The recruitment and staffing industry is vast, with a reported 76.5 million people taking new jobs in 2021, and more than 1.2 million active recruiters on LinkedIn alone. Data is at the heart of the sector with thousands of terabits being processed around the world daily.

This data is filled with personal information on applicants, candidates, customers, jobs, and can include things like bank details, various forms of ID, and even special category data such as medical history and racial or ethnic origin. This makes recruitment agencies who control or process this data extremely susceptible to cyber-attacks and security breaches. It is estimated that a business is successfully attacked every 10-15 seconds with personal and financial data being the biggest target.

Security of this data is of the upmost importance and the everchanging demand for up-to-date defence and protection against cyber-attacks is key for most businesses. So, does moving to the cloud solve this and should all recruiters move to the cloud?

We work with many recruiting and staffing companies when reviewing their CRM software, from small start-up recruitment agencies and medium size businesses to large enterprise level customers with various global offices, multiple databases, and usually vast amounts of data.

Often small to medium size businesses may have either a very small, or even a large amount of data that has been collated which may be stored on a small business server or even individual (sometimes personal) devices. The storing and protection of this data (no matter what size) can be time consuming, expensive, and can also leave the company vulnerable if a data breach were to occur. For many of these types of customers and recruiters, opting for a cloud-based recruitment software is an easy option and offers them peace of mind as well as flexibility accessing whilst on the move. The new supplier would automatically become the data processor and therefore responsible for the secure storage and processing of data. The recruiter or recruitment business would remain the data controller, and should still follow the ICO guidance around how that data is used in accordance with their GDPR obligations.

For enterprise businesses, they may have many more things to consider including multiple in-house systems, projects, processes and third-party tools or stakeholders. Some again choose to simplify this with cloud-based tech providers; however others choose to setup their own private cloud infrastructure so they have full control of their own data and systems. This can be costly but presents few technology barriers because it is easily scalable and the computing power available is incredibly vast, allowing companies to draw resources as and when they need them. This is important because projects involving technologies like artificial intelligence and machine learning require the analysis of large amounts of data, some off the shelf software, particularly browser-based systems can offer limited control and intelligent processing power. Many enterprise level customers believe that hybrid cloud software is the future for the recruitment industry as it offers them the ability to maintain both data processor and controller responsibilities. This allows them to better control both their data and processes but also offers them the security of their own private cloud and flexible access for their end users. Typically, these types of systems (such as itris 9) are not accessed via a browser and are a deployed app that can be packaged and controlled by the business rather than the supplier. They tend to offer far more flexibility, user permissions, configuration, access options, and security.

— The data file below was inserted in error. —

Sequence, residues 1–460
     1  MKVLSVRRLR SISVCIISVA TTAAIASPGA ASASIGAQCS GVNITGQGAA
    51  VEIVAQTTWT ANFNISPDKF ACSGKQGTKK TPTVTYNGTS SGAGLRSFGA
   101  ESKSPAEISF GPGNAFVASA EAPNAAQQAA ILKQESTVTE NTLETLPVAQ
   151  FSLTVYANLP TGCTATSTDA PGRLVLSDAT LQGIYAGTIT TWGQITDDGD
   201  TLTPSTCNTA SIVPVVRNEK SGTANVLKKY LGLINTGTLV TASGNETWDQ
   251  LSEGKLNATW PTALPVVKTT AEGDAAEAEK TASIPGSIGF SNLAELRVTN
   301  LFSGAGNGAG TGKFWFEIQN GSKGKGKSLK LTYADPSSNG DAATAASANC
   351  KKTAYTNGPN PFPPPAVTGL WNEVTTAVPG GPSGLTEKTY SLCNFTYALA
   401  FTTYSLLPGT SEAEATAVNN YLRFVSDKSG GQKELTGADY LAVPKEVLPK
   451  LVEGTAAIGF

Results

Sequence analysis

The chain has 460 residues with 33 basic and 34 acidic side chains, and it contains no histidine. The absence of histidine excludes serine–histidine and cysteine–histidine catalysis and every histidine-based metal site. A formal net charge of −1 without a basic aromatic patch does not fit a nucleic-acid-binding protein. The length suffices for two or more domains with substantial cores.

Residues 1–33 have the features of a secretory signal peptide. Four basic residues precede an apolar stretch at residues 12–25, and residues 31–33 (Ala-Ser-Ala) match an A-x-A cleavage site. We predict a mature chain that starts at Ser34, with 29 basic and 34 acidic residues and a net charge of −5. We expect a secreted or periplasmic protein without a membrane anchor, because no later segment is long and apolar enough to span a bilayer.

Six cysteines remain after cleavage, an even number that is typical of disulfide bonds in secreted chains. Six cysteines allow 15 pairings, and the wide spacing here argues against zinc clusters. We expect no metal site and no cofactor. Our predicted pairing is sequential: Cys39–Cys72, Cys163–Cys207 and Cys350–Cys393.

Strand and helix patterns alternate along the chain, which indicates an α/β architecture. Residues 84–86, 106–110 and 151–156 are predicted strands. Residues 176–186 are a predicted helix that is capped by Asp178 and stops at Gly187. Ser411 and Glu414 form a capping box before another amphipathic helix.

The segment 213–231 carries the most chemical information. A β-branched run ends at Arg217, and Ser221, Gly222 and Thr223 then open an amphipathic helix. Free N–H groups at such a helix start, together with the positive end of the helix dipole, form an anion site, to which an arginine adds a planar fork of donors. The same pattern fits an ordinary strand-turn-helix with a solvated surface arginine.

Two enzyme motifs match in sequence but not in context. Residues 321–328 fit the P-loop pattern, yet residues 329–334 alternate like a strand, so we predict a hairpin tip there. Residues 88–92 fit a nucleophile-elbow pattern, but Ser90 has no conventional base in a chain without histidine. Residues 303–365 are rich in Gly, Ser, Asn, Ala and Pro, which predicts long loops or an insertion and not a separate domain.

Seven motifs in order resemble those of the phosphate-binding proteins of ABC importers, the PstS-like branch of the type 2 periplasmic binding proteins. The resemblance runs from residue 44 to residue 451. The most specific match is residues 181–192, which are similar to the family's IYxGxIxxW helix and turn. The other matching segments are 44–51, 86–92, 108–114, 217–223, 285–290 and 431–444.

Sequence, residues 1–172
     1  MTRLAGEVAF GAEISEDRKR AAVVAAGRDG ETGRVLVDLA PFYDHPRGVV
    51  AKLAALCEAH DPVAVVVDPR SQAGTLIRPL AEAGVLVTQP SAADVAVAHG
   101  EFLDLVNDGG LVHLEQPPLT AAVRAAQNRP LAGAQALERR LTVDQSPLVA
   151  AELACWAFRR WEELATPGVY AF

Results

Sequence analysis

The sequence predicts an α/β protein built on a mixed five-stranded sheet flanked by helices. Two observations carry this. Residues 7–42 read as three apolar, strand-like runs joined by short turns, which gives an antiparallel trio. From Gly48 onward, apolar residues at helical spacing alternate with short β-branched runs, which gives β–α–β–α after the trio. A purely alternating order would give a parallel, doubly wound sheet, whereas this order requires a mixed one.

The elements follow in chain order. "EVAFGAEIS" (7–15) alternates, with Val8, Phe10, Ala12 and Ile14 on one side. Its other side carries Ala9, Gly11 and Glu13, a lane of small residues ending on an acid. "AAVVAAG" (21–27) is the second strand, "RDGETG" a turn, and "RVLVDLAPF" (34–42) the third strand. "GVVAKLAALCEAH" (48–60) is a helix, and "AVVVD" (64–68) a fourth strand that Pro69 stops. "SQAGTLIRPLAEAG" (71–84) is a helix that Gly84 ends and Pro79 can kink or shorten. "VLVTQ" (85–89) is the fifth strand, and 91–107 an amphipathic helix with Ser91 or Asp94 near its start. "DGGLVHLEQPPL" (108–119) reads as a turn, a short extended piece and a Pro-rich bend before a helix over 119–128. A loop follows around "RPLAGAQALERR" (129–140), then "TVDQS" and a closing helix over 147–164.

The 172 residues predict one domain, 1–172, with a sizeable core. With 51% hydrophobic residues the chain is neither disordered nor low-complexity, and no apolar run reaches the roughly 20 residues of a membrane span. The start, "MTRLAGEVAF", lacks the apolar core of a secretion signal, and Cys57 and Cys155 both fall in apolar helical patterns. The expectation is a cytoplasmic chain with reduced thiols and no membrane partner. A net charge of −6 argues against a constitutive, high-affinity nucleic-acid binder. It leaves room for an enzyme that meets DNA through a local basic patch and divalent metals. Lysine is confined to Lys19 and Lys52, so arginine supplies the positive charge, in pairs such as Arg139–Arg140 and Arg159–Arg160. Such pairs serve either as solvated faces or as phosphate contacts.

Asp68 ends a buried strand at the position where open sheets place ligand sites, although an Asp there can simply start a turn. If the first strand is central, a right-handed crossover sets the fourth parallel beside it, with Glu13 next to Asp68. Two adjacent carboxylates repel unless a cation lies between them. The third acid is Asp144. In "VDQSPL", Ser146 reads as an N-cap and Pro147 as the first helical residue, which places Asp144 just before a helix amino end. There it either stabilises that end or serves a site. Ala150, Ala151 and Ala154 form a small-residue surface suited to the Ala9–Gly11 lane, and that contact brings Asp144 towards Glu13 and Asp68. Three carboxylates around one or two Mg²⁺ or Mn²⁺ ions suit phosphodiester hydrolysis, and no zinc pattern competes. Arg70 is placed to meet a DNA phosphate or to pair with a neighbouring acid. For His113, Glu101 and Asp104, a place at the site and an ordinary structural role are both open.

So, should all recruiters move to the cloud? Yes, on-premises data is risky and more vulnerable to attack. You should consider whether letting your recruitment software supplier host your data is right for you, but ultimately cloud offers better security and flexibility. The question therefore is whether you get your own cloud infrastructure or rely on the supplier’s software providers. Either way, your data is still on a server somewhere and being processed which therefore leaves it vulnerable to attack (all be it less likely than sitting on your PC at home), so here are a few things you should take into consideration with your current or future cloud setup:

  • Third-party assessments and security certifications (including ISO 27001)
  • Robust backup routines (Size and Frequency)
  • Data storage location and Co-location (Do you need it to be UK based?)
  • Software that offers end to end data encryption (critical for when data is being passed from the cloud to your device)
  • Password protection or 2 step authentications
  • Security on the user’s machine (up to date Antivirus, Firewalls, and Ransomware)
  • Secure internet connection (Do not use public WIFI to access sensitive data)

If you would like to find out more about cloud technology and how itris 9 can offer a state-of-the-art hybrid cloud solution, then get in contact with us today. We are happy to offer free, no-obligation advise on both software and cloud data storage. We offer a hybrid cloud solution so our customers can decide whether they want to process their own data, or host with our fully accredited UK cloud supplier Rackspace Technology.